B Divine and human eros

Christological enquiry cannot be divorced from a doctrine of creation. Furthermore, desire is both the creator and the creation of space. Only where there is space, where there is distance, where there is difference, can there be love that desires, that draws, that seeks participation. In one of Balthasar's explorations of pneumatology, he writes: 'The basis of the biblical religion is the diastasis, the distance between God and the creature that is the elementary presupposition that makes it possible for man to understand and appreciate the unity that grace brings about.'61 The doctrine of creation is founded upon a fundamental difference that opens up all possibilities for desire. It is a difference at the heart of any Trinitarian conception of the Godhead; a Trinitarian difference opened up by Christ, the second Person, and interpreted by the Spirit, the third Person. Christ's difference begets the creative circulation of kenotic giving. In the beginning God created by a process of separation. It is the Spirit that brooded over the chaos ready to give birth to form. It is the Spirit that moved upon the seminal waters, separating the genetic blocks of creations. Desire is built then into the substructure of creation; and in that creation is the incarnation of desire and difference within the Trinity itself.

59 See the second essay in this collection, 'The Schizoid Christ'.

60 See Michel Henry, Incarnation, pp. 311—18 for a discussion of the relationship between nihilism and an eroticism that is simply reduced to sexuality. This reduction is found even in Merleau-Ponty, who in his celebrated chapter on sexuality and the body speaks of Eros as Libido.

61 Explorations in Theology: Creator Spiritus, tr. Brian McNeil, CRV (San Francisco: Ignatius Press, 1993), p. 173. See a similar account by Julia Kristeva in In the Beginning Was Love: Psychoanalysis and Faith, tr. Arthur Goldhammer (New York: Columbia University Press, 1988): 'In reality, it is the biblical God who inaugurates separation at the beginning of creation. He creates a division which is also the mark of his presence' (p. 31).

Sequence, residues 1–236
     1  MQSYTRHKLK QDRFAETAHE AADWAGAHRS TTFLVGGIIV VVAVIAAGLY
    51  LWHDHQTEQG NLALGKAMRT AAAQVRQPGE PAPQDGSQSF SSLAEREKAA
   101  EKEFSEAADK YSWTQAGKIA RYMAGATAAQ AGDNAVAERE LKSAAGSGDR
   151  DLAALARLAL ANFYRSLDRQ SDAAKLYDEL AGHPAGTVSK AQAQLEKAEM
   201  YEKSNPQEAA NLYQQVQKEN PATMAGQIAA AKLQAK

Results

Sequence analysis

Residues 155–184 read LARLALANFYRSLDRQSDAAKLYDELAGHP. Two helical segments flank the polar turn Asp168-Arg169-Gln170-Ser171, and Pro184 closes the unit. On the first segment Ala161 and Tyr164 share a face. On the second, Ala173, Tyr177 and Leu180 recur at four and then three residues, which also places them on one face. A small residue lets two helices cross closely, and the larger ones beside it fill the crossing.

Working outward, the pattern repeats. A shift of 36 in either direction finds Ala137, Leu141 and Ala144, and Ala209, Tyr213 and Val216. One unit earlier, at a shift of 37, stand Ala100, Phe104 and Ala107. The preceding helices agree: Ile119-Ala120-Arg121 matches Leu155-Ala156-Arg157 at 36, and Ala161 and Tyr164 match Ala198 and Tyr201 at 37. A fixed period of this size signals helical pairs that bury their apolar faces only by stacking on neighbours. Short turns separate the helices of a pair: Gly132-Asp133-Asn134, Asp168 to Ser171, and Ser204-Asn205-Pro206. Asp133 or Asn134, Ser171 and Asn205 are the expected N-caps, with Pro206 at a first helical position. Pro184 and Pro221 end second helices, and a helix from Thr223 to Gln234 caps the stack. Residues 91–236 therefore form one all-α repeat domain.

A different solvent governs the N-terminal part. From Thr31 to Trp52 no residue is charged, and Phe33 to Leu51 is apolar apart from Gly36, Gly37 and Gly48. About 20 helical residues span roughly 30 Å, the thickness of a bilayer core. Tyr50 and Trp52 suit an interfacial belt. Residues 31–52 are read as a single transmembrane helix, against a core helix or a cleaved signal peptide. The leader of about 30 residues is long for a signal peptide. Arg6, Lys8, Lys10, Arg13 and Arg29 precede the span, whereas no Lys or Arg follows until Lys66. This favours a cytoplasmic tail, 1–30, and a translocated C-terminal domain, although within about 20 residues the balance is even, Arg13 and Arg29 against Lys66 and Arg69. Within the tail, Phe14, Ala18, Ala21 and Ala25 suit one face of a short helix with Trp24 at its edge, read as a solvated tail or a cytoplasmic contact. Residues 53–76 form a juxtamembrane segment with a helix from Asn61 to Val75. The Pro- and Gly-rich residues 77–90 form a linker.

It has been argued62 that certain feminist theologians (Grace Jantzen, Isabel Carter Heywood and Sally McFague are mentioned) have dissolved the particularity ofJesus Christ into the 'Christification of creation'. This is understood to be the attribution 'to world functions' of terms 'which classical theology reserves for Jesus Christ, the Incarnate Word of God'63 — that is, incarnation, redemption, kenosis, 'begottenness'. The problems of confusing Christ with creation are that Jesus Christ is made an example and there is an exaltation of 'the theologian as the locus for revelation'.64 But if we are to escape these problems and yet nevertheless affirm the incarnate Word of God in the particularity of Jesus Christ, can we evade examining the operation of desire in him? Since desire is integral to the Trinity, to creation and to being a sexuate creature, can we cordon off discussions of his sexuality?65

The same issue can be approached from another angle; and it is this angle that highlights the resources of Irigaray's work for future Christological investigation. This angle is best attained through the question, Where does Christology begin? Where does it take place? I am not asking about the theological discourse and its various points of manifestation over the centuries, but about the place where the divinity of Jesus of Nazareth reveals itself as a meaningful and relevant operation pro nobis. It cannot take place solely within himself to himself — for that assumes he lives for himself alone, which is a refusal of difference, a refusal to attend to Irigaray's observation: he 'is respectful of bodily space, of sensual space, of openings in the skin'. This is an observation borne out by the two encounters with Christ we examined in John's Gospel. Revelation of Christ is a revelation of the operation of Christ in opening a relation that recognises difference, and in that recognition there is both redemption and reconciliation. So often modern Christology examines Christ by beginning with his autonomy, by assuming a philosophy of the subject and the cult of the personality that this fostered: Who is this God-man? But this understanding of personhood — 'an inward